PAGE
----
Bottom line: A-
Hall Pass, the new comedy from directors Peter and Bobby Farrelly (There’s Something About Mary, Stuck on You) is about two married couples who agree to “take a week off from marriage,” supposedly to allow the husbands a chance to experience single life with no consequences from the wives. In an interview about the film, Peter Farrelly and writer Pete Jones, who drove in from nearby Deerfield, IL, discussed the chemistry on set, the plethora of penis jokes and how to keep characters relatable.
Owen Wilson and Jason Sudeikis play Rick and Fred, the two lewd husbands looking for a good time and the sex they feel they’ve missed out on during their marriage. Though initially off-putting, the two actors play their roles to such perfection that you root for them anyway. Part of this is the remarkable chemistry between the two actors, and the credit is all theirs — as Jones explains, “We just got lucky.” The creative team behind the movie already had Wilson in mind for the role when the studio suggested hiring Sudeikis, and the easy camaraderie turned out to be a happy coincidence. With their on-screen shorthand, it’s obvious the two actors became good friends.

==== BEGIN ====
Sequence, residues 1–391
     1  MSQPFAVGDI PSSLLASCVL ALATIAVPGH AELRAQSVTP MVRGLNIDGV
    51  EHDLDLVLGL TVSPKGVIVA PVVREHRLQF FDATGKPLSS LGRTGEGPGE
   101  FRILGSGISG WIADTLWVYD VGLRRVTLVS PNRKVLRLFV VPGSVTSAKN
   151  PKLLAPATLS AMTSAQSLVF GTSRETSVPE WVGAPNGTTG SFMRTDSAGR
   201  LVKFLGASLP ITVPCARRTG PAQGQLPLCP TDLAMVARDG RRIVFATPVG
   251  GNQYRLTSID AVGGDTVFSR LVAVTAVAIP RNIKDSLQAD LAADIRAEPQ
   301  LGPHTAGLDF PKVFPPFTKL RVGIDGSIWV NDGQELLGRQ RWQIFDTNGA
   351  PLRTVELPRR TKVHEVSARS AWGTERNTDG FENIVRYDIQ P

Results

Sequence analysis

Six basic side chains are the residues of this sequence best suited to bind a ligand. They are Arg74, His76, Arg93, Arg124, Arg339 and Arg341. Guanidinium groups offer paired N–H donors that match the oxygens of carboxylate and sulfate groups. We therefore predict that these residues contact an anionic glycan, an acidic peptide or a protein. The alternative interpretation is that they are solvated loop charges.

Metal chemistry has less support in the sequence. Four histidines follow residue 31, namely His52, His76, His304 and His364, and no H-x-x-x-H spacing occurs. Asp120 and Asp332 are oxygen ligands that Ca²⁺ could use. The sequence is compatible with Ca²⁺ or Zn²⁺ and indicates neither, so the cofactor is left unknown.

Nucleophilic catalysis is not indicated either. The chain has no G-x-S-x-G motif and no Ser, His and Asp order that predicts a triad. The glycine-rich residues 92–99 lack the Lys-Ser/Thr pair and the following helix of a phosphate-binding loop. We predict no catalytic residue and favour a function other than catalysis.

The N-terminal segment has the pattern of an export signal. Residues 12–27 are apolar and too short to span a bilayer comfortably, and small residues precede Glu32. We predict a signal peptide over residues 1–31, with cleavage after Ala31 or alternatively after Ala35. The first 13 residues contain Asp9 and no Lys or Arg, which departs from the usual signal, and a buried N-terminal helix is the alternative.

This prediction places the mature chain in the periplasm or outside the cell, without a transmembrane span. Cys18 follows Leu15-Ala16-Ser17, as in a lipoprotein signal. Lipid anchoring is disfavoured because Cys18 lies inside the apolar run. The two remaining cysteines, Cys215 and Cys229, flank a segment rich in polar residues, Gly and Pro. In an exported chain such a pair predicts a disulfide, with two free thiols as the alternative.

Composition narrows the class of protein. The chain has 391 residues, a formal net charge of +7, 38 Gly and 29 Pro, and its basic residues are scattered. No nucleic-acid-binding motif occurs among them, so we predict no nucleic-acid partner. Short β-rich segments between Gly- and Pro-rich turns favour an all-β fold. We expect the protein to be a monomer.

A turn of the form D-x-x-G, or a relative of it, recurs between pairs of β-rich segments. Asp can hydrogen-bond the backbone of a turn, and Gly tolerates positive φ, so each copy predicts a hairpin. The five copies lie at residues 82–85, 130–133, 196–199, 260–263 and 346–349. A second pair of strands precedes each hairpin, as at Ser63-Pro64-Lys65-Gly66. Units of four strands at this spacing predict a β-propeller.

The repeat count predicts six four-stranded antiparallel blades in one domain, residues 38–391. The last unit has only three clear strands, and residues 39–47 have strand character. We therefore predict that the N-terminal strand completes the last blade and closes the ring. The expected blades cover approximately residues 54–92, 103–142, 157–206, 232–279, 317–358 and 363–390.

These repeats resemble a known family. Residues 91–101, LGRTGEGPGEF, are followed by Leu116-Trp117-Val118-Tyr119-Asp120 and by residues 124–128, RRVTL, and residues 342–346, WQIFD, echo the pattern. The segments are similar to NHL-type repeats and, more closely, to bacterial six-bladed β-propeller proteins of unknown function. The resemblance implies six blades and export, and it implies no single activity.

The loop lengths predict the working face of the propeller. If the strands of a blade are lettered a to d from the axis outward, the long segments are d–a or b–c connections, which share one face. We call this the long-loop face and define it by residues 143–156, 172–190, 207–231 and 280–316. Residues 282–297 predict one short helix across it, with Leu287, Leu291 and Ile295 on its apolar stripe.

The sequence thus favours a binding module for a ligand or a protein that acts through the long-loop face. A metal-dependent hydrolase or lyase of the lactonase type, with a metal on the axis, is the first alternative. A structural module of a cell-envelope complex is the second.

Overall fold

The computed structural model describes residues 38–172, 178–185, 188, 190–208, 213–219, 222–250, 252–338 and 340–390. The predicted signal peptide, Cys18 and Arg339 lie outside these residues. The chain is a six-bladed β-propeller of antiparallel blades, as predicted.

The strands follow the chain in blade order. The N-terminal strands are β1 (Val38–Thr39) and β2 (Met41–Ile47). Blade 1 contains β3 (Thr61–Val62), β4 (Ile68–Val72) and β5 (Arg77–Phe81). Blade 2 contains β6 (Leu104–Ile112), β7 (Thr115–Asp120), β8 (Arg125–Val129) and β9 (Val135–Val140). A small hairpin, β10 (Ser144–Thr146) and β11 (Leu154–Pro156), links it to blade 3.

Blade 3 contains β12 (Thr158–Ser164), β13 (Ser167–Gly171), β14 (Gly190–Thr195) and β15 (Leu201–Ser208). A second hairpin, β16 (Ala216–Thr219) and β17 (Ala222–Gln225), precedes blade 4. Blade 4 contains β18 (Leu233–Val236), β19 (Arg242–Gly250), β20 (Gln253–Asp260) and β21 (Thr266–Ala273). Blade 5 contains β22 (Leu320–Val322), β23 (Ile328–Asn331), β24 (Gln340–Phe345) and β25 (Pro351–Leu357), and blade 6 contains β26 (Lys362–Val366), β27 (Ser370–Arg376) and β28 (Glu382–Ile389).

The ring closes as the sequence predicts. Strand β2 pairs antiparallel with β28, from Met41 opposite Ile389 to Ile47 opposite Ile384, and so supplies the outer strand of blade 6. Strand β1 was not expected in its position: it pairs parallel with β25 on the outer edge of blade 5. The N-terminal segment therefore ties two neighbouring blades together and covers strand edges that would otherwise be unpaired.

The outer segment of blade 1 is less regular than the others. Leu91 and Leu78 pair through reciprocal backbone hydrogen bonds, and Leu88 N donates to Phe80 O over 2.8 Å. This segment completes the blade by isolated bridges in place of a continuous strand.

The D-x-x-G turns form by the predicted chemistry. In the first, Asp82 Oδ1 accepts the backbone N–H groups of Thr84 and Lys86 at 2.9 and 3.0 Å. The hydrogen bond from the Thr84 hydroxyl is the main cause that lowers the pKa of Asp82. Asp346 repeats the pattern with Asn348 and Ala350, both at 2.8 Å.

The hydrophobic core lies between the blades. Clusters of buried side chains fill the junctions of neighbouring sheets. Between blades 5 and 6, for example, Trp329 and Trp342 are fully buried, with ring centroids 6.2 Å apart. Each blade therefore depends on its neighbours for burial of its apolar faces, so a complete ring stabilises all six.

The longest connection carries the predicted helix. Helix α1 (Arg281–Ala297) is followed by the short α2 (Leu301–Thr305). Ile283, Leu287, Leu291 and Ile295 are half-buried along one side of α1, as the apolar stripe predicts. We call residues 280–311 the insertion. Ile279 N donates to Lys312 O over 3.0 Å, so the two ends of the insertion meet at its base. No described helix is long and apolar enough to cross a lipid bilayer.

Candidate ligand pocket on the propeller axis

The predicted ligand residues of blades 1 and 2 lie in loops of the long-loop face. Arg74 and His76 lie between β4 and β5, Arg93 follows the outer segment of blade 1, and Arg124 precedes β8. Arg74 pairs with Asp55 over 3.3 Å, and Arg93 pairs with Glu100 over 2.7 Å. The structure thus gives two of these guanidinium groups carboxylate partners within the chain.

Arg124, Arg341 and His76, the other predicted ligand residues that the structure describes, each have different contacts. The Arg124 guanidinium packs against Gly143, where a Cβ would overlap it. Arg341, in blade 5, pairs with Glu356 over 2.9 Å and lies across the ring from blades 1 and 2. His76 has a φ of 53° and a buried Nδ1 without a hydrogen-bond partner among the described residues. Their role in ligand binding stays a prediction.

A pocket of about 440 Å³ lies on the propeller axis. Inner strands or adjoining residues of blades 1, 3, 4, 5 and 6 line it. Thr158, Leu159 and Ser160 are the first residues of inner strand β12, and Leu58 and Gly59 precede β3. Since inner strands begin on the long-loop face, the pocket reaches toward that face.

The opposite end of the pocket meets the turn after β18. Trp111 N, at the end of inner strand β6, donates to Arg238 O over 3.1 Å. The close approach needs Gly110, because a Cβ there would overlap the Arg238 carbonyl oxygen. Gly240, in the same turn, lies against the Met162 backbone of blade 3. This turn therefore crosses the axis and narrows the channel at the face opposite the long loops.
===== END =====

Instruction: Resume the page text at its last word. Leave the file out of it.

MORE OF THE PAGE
The plot of the film seems just as effortless. A series of hilariously offensive remarks lands the pair in such hot water that their wives, Maggie and Grace (played by The Office’s Jenna Fischer and pre-baby Christina Applegate), issue them one-week “hall passes” and go off to Maggie’s beach house. Shockingly enough, after many years of marriage, the guys are a bit out of shape, scouring Applebee’s for dates. The subsequent scenes of bar-hopping, male bonding and, of course, marijuana use are reminiscent of The Hangover. There’s even a little angry man destroying Fred’s car, and there’s no shortage of nudity or penis jokes, which, according to Farrelly, do not get old “when they’re done well.” The gags are memorable in their raunchiness — there’s one scene in particular that may rival Mary’s “hair gel” scene as the most surprising (and disgusting) Farrelly gag.
Farrelly said the secret to the character’s likabilty is the distinctly unlikable, and Hall Pass proves this idea. Remarkably enough, the final product is more sentimental than anything, with developed, flawed-but-good characters and surprising closure. Sure, almost everyone in the film participates in some questionable behavior, but they get punched in the face for it (or something to that effect).